Most avid star gazers know the Perseid meteor shower is the highlight of the summer. That’s probably going to change this year. The moon won’t be much of a problem for tomorrow’s peak in the Delta Aquarid meteor shower.

The moon officially entered its new moon phase on July 26 and won’t affect tomorrow’s display.

The exact opposite will happen to next month’s Perseid meteor shower. That meteor shower’s peak coincides with a bright super moon.

The Delta Aquarid meteor shower should offer skywatchers up to 20 meteors per hour in ideal viewing conditions. The farther from a major city, the better.

The best places for viewing the Delta Aquarid meteor shower is in the lower latitudes of the Northern Hemisphere and the entire Southern Hemisphere. Look towards the southeast at around midnight local time for the best chance to catch the meteors. The shower originates out of the Aquarius constellation.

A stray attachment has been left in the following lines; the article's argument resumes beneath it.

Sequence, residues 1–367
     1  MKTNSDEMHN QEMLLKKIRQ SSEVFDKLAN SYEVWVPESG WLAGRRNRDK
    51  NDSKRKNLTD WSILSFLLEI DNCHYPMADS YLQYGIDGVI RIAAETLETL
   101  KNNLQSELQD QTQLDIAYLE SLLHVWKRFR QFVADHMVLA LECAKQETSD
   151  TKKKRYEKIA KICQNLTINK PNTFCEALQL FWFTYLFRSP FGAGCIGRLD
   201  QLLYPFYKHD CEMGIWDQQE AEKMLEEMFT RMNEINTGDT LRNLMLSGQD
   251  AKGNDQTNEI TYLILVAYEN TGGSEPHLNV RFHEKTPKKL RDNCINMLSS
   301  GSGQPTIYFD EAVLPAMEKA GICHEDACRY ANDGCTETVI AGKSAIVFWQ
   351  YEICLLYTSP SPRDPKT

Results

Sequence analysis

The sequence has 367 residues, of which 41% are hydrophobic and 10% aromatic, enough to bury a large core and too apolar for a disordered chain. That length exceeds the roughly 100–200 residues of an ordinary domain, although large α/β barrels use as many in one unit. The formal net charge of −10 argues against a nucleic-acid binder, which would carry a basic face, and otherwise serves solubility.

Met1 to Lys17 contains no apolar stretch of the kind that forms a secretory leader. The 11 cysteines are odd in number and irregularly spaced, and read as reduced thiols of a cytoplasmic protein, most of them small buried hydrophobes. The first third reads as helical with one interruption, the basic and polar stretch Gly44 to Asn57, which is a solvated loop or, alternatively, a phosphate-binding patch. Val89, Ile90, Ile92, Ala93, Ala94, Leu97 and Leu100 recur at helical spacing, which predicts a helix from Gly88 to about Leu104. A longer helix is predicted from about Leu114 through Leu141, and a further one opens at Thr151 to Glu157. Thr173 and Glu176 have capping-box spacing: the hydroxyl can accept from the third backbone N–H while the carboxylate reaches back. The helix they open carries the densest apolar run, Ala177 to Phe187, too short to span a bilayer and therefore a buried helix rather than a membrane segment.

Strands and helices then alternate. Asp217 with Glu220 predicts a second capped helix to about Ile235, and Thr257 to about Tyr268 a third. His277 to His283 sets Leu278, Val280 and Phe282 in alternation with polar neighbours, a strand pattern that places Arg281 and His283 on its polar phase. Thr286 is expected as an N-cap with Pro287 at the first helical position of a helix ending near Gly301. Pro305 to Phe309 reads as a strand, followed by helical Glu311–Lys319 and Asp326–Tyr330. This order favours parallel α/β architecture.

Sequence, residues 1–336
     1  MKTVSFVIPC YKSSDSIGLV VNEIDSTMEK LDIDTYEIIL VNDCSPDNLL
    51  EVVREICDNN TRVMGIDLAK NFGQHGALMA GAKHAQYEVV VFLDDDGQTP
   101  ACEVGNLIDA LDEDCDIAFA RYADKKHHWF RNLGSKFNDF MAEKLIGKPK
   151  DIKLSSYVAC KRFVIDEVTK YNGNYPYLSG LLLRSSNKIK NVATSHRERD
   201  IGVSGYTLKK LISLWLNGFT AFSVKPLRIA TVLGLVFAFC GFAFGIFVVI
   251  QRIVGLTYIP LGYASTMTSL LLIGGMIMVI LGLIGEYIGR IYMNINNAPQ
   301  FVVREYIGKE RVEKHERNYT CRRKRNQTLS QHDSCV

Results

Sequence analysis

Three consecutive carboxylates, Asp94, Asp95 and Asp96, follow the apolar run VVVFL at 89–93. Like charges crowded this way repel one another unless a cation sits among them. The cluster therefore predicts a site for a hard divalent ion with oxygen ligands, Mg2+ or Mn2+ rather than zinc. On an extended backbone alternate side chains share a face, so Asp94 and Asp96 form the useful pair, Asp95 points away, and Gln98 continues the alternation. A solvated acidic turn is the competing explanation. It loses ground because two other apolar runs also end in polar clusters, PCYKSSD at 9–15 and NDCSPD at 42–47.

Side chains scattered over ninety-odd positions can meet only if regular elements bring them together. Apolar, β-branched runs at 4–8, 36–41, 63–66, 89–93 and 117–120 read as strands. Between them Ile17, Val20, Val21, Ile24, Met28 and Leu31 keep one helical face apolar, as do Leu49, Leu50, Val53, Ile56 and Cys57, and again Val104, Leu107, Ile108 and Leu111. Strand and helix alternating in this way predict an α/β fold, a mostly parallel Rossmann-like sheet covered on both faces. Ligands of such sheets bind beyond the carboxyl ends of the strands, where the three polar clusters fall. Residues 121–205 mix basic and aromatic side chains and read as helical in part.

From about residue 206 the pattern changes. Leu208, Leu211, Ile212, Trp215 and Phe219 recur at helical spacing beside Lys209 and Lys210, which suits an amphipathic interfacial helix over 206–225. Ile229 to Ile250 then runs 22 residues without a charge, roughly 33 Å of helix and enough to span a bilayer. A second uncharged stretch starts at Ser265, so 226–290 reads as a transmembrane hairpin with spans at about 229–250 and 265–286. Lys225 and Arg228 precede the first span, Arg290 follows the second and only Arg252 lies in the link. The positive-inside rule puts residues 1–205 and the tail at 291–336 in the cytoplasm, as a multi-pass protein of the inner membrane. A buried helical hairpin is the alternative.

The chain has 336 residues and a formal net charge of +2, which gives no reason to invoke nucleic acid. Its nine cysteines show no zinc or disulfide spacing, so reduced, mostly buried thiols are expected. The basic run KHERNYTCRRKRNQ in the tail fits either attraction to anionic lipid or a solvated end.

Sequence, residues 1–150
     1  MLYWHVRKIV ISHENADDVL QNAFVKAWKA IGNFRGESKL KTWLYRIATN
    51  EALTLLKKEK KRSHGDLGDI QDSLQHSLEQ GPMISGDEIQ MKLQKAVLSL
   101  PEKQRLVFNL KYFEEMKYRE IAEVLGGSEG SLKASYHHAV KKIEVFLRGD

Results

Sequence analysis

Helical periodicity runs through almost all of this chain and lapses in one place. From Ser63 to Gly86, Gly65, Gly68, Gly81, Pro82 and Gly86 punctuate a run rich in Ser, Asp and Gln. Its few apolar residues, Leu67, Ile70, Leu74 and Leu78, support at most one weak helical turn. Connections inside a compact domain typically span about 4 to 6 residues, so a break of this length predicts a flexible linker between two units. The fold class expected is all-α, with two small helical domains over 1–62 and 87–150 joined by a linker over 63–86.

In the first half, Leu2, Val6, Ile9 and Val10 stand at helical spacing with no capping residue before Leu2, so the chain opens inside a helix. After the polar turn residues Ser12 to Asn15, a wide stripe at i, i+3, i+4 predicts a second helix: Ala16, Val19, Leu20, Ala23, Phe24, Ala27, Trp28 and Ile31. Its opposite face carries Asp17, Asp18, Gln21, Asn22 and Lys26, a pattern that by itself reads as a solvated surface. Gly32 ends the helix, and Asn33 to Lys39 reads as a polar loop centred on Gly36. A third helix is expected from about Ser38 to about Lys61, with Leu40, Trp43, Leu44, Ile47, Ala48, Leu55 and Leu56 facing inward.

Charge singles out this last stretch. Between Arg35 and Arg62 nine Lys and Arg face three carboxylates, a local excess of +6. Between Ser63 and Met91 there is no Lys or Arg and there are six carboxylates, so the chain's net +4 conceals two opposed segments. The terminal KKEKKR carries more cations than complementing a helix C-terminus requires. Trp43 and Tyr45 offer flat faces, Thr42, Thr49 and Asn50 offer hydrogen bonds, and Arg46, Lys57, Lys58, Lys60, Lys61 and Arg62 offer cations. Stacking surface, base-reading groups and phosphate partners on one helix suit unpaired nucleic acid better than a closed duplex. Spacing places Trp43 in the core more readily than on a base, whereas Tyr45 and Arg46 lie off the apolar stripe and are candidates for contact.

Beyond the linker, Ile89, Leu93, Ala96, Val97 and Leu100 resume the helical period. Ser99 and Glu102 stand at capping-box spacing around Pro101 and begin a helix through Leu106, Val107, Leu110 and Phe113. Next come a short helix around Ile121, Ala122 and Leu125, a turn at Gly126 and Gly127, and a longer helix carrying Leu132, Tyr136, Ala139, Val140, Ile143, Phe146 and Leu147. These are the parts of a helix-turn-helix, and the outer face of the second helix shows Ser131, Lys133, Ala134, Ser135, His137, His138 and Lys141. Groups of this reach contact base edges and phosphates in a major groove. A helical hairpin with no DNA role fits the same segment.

If weather isn’t permitting, don’t worry. The Delta Aquarid meteor shower will stay active until August 23. The next few days are ideal though thanks to the new moon.

NASA also has you covered as they’ll livestream a view of the skies over Huntsville, Alabama tomorrow night.

What causes the Delta Aquarid meteor shower? Like most meteor showers, it occurs as the Earth passes through the debris field left by comets. In Delta Aquarid’s case, it was two comets, Marsden and Kracht, according to NASA.

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